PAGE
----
By Mark Joseph Stern
On paper, the current conflict between the U.S. Department of Justice and North Carolina can seem dry, academic even. North Carolina passed a law forbidding trans people from using certain bathrooms that align with their gender identity. The Department of Justice notified the state that its measure violates several federal civil rights laws; North Carolina threw a tantrum, filing a lawsuit against the agency. Then, on Monday, the DOJ struck back, filing suit against North Carolina for infringing on trans residents’ federal civil rights.
The DOJ’s suit is a wonderfully tough, clear-headed document that carefully explains why “sex discrimination”—which is barred in employment and education under federal civil rights law— encompasses gender identity discrimination. Sex, the suit notes, is an incredibly complex concept: “An individual’s ‘sex’ consists of multiple factors, which may not always be in alignment,” including chromosomes, hormones, and gender identity. By distilling sex to the label a hospital put on one’s birth certificate—then restricting bathroom access based on that label—North Carolina “stigmatizes and singles out transgender employees, results in their isolation and exclusion, and perpetuates a sense that they are not worthy of equal treatment and respect.”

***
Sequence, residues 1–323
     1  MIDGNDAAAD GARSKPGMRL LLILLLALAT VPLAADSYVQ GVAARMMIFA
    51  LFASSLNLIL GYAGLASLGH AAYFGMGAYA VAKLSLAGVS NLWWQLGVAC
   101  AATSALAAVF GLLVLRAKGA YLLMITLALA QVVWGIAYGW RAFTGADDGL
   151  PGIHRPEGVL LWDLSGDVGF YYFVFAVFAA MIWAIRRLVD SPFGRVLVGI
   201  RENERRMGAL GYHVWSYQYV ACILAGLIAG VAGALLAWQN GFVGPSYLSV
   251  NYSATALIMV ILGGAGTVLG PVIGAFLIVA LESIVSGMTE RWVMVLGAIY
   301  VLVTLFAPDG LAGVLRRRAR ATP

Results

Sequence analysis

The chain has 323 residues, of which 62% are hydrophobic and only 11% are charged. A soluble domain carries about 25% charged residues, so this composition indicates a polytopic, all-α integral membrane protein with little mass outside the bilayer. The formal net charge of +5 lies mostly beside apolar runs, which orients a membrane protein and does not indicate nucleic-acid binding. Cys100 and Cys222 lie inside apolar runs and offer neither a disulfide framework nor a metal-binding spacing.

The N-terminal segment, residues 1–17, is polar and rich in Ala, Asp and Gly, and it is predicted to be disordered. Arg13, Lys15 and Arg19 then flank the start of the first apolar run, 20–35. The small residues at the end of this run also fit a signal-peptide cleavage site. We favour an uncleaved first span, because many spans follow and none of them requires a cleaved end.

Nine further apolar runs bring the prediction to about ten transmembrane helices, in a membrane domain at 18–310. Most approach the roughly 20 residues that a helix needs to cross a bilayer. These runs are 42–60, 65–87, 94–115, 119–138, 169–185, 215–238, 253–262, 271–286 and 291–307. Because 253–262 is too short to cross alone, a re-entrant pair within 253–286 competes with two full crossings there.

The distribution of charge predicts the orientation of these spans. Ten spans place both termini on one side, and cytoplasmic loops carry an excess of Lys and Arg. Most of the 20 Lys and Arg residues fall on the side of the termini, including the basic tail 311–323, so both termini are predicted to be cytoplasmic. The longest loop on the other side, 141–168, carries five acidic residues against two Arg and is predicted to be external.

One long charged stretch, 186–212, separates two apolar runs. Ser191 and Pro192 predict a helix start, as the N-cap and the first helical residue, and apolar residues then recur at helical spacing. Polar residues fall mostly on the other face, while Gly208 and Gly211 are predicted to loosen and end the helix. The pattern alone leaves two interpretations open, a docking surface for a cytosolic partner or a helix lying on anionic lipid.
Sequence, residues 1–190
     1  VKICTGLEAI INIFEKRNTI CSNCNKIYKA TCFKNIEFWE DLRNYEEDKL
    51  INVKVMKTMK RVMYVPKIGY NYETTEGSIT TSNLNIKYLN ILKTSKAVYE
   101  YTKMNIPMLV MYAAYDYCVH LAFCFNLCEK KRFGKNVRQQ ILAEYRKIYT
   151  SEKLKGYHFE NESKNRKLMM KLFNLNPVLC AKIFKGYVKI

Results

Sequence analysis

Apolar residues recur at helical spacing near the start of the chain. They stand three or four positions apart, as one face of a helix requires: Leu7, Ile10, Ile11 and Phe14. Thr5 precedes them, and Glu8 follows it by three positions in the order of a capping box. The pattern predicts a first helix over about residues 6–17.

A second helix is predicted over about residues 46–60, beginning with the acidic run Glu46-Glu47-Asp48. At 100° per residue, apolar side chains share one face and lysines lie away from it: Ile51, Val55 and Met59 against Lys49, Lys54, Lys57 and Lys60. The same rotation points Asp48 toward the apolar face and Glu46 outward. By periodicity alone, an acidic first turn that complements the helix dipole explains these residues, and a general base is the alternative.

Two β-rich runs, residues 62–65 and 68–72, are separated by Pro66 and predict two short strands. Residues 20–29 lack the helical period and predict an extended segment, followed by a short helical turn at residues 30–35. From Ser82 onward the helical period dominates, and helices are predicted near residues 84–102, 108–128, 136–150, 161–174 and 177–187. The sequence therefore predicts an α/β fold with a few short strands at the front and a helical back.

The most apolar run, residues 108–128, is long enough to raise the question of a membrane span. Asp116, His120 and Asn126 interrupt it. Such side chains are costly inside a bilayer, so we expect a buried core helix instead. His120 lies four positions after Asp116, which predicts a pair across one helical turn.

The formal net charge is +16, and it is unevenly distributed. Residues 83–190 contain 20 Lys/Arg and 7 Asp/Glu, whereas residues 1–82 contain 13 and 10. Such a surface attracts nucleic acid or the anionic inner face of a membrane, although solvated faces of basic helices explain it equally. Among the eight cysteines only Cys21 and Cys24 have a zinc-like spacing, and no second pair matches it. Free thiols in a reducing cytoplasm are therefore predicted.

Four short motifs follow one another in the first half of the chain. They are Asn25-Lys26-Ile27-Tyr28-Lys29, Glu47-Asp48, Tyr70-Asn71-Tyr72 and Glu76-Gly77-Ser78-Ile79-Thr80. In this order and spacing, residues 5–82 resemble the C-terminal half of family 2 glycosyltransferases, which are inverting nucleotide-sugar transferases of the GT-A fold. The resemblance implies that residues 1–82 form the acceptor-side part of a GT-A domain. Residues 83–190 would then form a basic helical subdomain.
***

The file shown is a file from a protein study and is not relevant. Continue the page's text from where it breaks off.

“Gender identity is innate,” the suit declares, “and external efforts to change a person’s gender identity can be harmful to a person’s health and well-being.” Then the lawsuit affirms a simple truth that North Carolina has spent months attempting to deny: “A transgender man’s sex is male and a transgender woman’s sex is female.”
That’s all strong and necessary stuff. But you can’t understand the full import of the DOJ’s actions until you watch Lynch’s astonishing speech announcing the lawsuit. Lynch is wry and unassuming in person; on Monday, she was as fierce and passionate as any member of the pantheon of American civil rights defenders. Lynch joined that pantheon on Monday. Her remarks are certainly the most important speech ever delivered on the topic of trans rights by any government official. They are a turning point in the history of LGBTQ rights in the United States, a resounding declaration of the equal dignity of trans Americans.
“This action is about a great deal more than just bathrooms,” Lynch explained. “This is about the dignity and respect we accord our fellow citizens and the laws that we, as a people and as a country, have enacted to protect them—indeed, to protect all of us. And it’s about the founding ideals that have led this country—haltingly but inexorably—in the direction of fairness, inclusion and equality for all Americans.”
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